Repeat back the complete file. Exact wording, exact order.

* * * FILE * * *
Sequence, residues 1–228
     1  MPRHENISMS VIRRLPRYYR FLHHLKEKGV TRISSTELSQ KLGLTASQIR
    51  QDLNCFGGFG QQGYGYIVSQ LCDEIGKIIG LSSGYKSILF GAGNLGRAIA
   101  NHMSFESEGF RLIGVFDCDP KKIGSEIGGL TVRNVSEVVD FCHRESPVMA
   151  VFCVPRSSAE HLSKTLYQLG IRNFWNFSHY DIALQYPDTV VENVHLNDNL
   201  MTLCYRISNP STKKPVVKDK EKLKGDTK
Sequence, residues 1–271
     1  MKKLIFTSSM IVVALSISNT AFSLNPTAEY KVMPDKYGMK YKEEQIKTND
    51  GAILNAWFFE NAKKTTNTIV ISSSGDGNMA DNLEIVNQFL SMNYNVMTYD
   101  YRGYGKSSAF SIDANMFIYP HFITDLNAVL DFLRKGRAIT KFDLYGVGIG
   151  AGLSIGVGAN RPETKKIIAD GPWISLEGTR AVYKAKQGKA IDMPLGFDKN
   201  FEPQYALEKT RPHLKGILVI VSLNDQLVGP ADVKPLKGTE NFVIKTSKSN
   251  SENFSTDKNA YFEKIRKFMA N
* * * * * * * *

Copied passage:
Sequence, residues 1–228
     1  MPRHENISMS VIRRLPRYYR FLHHLKEKGV TRISSTELSQ KLGLTASQIR
    51  QDLNCFGGFG QQGYGYIVSQ LCDEIGKIIG LSSGYKSILF GAGNLGRAIA
   101  NHMSFESEGF RLIGVFDCDP KKIGSEIGGL TVRNVSEVVD FCHRESPVMA
   151  VFCVPRSSAE HLSKTLYQLG IRNFWNFSHY DIALQYPDTV VENVHLNDNL
   201  MTLCYRISNP STKKPVVKDK EKLKGDTK
Sequence, residues 1–271
     1  MKKLIFTSSM IVVALSISNT AFSLNPTAEY KVMPDKYGMK YKEEQIKTND
    51  GAILNAWFFE NAKKTTNTIV ISSSGDGNMA DNLEIVNQFL SMNYNVMTYD
   101  YRGYGKSSAF SIDANMFIYP HFITDLNAVL DFLRKGRAIT KFDLYGVGIG
   151  AGLSIGVGAN RPETKKIIAD GPWISLEGTR AVYKAKQGKA IDMPLGFDKN
   201  FEPQYALEKT RPHLKGILVI VSLNDQLVGP ADVKPLKGTE NFVIKTSKSN
   251  SENFSTDKNA YFEKIRKFMA N